Officials in Brussels are mainly of nationalities from the “old” EU member states, with the system favoring the countries of southern Europe in particular. On the contrary, Czechs or Bulgarians do not have sufficient representation, which is a problem when these countries attempt to promote their interests.
The Czech Republic does not have an entirely weak voice within the European Union, with European Commission Vice-President Věra Jourová managing to build an outsized reputation. The Czechs can also be seen in the European Parliament, where until recently they had two vice-presidents, but only Dita Charanzová currently holds this position.
However, the political element of Brussels represents only one side of the coin, and it is just as important what is going on “behind the curtain,” meaning among diplomats and officials. And it is in this area that a geographical imbalance are most noticeable.
A new analysis by European Democracy Consulting shows that countries of Central and Eastern Europe have not been fairly represented within the European institutions for a long time. Czechs, Slovaks, Bulgarians, and Romanians are disadvantaged compared to officials and diplomats from Western and Southern Europe. Between 2019 and 2021 alone, the latter nations filled 70 percent of new leadership positions in various European institutions.
Language requirements favor souther nations
The EU itself recognizes that this is a systemic problem. Therefore, the European Personnel Selection Office (EPSO) targets a group of 17 under-represented countries. Apart from the Czech Republic, these include Sweden and, surprisingly, also Germany. The current language requirements in selection procedures favor southern European countries in particular.
The shortage of people at the European level has been a problem for Czechia for a long time. According to the coordinator of the Czech delegation to the European Committee of the Regions, Petr Osvald, the situation is perhaps even worse than after joining the EU when Czechia had “free slots” in EU institutions at its disposal. But that is no longer the case today.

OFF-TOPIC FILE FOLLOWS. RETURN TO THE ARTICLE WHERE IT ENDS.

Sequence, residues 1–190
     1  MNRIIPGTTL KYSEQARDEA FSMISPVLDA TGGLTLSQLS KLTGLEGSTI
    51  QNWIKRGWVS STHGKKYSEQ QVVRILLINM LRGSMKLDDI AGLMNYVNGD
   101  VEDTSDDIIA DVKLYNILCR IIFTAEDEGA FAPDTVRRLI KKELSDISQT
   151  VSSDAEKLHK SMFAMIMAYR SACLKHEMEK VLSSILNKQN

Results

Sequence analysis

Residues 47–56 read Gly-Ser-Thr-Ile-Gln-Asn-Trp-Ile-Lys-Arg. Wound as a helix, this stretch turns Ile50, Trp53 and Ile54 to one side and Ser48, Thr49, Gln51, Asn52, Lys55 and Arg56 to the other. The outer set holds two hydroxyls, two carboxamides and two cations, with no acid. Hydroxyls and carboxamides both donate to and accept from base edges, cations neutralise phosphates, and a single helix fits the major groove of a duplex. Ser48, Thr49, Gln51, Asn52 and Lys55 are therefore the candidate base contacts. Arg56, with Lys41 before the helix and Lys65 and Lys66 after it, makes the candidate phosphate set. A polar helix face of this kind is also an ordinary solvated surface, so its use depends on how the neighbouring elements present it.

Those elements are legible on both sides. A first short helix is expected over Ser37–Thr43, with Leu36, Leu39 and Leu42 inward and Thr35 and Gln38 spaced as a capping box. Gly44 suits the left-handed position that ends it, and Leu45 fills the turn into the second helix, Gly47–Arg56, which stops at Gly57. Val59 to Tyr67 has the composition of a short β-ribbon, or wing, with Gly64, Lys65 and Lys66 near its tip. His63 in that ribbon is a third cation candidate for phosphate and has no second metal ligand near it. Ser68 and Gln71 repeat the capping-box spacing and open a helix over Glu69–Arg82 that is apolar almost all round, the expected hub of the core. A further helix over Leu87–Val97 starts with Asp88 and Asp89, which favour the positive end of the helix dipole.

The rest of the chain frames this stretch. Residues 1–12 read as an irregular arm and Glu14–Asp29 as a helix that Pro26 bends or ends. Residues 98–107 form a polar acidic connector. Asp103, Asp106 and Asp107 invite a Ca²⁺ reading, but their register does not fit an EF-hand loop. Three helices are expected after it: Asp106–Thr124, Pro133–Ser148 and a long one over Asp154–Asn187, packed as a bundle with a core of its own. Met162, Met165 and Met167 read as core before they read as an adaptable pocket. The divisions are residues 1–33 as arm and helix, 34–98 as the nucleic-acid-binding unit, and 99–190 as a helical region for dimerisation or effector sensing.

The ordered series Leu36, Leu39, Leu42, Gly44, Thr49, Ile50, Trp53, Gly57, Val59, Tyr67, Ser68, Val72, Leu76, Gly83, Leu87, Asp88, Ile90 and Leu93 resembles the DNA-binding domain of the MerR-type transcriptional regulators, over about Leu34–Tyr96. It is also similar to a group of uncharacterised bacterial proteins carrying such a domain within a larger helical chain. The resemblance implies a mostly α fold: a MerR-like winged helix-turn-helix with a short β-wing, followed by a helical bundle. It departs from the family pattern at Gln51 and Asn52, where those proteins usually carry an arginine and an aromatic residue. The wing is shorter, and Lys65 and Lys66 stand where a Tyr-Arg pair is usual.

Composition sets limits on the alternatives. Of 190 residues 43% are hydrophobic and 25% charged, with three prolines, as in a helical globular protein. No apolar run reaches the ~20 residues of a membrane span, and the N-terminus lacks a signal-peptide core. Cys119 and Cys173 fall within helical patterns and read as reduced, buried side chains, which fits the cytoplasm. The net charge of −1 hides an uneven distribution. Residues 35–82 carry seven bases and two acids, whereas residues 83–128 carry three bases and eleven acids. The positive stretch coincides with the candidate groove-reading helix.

Czechia knows that it has a problem in this regard. That is why a strategy aimed at supporting Czechs in the EU institutions was created in 2015 in an effort to improve the situation and help Czech applicants reach influential positions in Brussels.
The Office of the Government of the Czech Republic acknowledges that although the number of Czech successes in selection procedures is increasing and more experts are being sent to the EU institutions for longer-term “internships,” more significant changes will take longer.
The European Commission prepares a new strategy
However, improvements should come from the other side, too. According to Tereza Kůnová from the Office of the Government, the European Commission is preparing a new strategy. It also includes bilateral negotiations with under-represented nations, including the Czech Republic, which should result in tailor-made action plans.
Although officials in the European institutions should be impartial, they cannot deny their origins. In order for laws to be balanced, the proportion of nationalities must, therefore, also be balanced.
“If officials from our homeland participate in the preparation of European proposals, they have the opportunity to enforce the geographical, technical, and economic interests that are representative of the Czech Republic. The sooner these specifics are imprinted in the legislative process, the easier it will be for the Czech government and Czech MEPs to promote the country’s interests,” Alena Mastantuono from the Czech Chamber of Commerce pointed out.
Is the Czechs’ attitude to blame?
According to the expert on the functioning of the EU, Jan Kovář, from the Institute of International Relations in Prague, the more lukewarm attitude of Czechs towards EU membership also plays a role, especially with lukewarm support of ministries and the government for Czechs who want to get into EU institutions. This play a particularly outsized role in the case of higher positions, where support from the state is an important factor because the competition is intense, Kovář noted.
Petr Blížkovský, secretary-general of the European Committee of the Regions, sees part of the problem in the Czechs’ nature.
“We have a certain cultural specificity, which may apply to the whole of Eastern or Central Europe. Our school system teaches us a certain modesty. On the contrary, in Belgium or elsewhere in Western Europe, children are taught to be assertive,” noted Blížkovský.